It’s also a cultural and team issue.  Who is going to fit in with the team?  Who can work in the existing culture?

I’ve seen both methods work very well and I’ve seen both methods work miserably.  I think it’s a matter of knowing what you’re really buying and being prepared for getting these new hires up-to-speed.

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I’ve seen both these terms used interchangably and with completely different meanings.  I think it’s important to have a distinction no matter what you call them.

 To me a coach is someone who has direct responsibility for training and developing someone else, usually a subordinate.  It’s part of their job description and compensation.  “I do well, if you do well.”  “I want you to win and if you win I win.”

A mentor is someone who doesn’t have the resonsibility but wants you to do well.  They want you to win, but they may not win if you win.  This is a person you can go to for advice or ask questions.  A mentor is willing to help but doesn’t have to.

Which is best?  In the ideal situation, you should have both.  They offer something different and both can really help. 

I’d also add in a third player, a “buddy.”  This is someone who is going through exactly what you’re going through and provides support and resources as you learn.  In the Gallop survey about what employee’s value, having a buddy is top of the list.

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You read a lot of criticism of big busines such as Big Oil, Big Pharma and now Big Mac.  A lot of the historical anti-big business comes out of the early 1900s when there was a small number of big businesses and an equally small number of captains of industry.

That world has changed dramatically in a hundred years.  The biggest change comes from the sheer numbers of these businesses.  First, if you look at the top 100 companies only a small handful existed a hundred years ago.  In fact their entire industries didn’t exist.  Even companies like GE look nothing like they did.  Their largest business unit is financial services and not manufacturing.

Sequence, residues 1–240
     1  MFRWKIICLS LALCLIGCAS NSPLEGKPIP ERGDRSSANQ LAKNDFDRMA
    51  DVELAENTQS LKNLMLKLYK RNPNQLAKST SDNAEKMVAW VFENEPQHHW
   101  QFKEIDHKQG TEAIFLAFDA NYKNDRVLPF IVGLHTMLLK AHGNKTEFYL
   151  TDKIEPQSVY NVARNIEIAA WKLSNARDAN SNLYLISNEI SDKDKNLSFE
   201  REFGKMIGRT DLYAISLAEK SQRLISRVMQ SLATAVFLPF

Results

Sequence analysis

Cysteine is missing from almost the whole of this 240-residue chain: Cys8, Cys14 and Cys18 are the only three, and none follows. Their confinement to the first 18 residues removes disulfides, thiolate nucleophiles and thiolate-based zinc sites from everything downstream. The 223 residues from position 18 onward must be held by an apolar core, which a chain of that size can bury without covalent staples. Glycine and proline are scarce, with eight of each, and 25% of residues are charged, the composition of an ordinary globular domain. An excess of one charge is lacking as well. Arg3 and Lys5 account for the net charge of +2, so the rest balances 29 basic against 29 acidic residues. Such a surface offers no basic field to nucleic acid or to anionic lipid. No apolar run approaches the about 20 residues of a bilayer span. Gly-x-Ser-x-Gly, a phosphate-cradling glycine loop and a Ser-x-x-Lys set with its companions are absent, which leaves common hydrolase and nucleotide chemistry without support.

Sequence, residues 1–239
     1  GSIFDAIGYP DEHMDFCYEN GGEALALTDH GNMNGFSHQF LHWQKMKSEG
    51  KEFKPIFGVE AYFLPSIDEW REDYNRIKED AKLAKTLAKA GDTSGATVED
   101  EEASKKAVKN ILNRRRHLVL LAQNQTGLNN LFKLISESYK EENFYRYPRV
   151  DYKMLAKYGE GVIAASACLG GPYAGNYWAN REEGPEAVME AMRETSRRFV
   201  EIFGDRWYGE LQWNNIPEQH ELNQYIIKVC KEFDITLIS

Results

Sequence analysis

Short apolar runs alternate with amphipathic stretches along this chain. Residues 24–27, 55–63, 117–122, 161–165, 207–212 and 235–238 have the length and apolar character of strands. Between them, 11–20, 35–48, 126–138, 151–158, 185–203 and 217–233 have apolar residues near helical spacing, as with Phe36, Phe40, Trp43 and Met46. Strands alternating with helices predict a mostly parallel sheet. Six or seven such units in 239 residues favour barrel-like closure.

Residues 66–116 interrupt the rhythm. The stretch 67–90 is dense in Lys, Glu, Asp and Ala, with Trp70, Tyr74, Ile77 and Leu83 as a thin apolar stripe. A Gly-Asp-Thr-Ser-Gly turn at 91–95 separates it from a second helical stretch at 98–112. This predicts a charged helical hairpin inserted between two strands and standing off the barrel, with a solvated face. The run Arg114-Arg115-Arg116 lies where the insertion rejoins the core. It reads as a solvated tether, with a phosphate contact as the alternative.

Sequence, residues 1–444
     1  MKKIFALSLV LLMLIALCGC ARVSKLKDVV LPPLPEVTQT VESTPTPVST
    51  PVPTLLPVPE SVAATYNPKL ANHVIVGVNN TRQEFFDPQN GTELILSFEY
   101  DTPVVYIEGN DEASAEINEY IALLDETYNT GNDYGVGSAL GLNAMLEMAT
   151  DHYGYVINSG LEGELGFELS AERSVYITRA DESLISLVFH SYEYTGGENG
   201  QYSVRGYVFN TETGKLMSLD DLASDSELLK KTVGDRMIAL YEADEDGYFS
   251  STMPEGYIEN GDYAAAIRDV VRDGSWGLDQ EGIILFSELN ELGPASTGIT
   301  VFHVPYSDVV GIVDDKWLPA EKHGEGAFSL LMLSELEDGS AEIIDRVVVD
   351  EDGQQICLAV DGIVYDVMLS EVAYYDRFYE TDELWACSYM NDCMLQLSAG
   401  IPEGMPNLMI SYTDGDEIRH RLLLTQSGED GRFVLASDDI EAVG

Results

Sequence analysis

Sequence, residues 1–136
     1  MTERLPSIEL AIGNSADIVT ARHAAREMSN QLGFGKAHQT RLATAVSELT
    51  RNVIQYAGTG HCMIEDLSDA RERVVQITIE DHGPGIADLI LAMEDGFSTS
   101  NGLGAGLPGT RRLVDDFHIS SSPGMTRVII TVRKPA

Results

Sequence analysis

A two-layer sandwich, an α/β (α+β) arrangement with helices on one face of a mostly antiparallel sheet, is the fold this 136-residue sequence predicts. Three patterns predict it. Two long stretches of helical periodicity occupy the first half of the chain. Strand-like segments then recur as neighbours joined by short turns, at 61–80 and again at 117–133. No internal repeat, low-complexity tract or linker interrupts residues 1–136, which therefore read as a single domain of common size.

In something like pharaceuticals, you have hundreds of highly competitive companies that often have very little in common.  Instead of conspiring in a big kabal, they are more likely trying ways to take market share from each other.

There is also a tremendous amount of transparancy in the companies because they are publicly traded and often owned by large money funds.  At the bottom line what these companies really care about is a stable set of rules to play by. 

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I see a lot of people liked the first Terry Tate Office Linebacker video.  In this next video, company policy dictates that Terry takes a vacation.

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Do you need to be a warm fuzzy manager who is sensitive to his or her employees needs?  Do you need collaborative decision making? 

 Here is a clip from one of my new favorite TV shows, Kitchen Nightmares.  It really is an interesting look into how very small business sometimes works.  The star Gordon Ramsey was once rated as one of the ten worst bosses in the UK.  However, he is one of the most successful chefs in history.  He’s also overcome how to use certain language in the workplace.  You just have it bleeped out.  Bon Appetite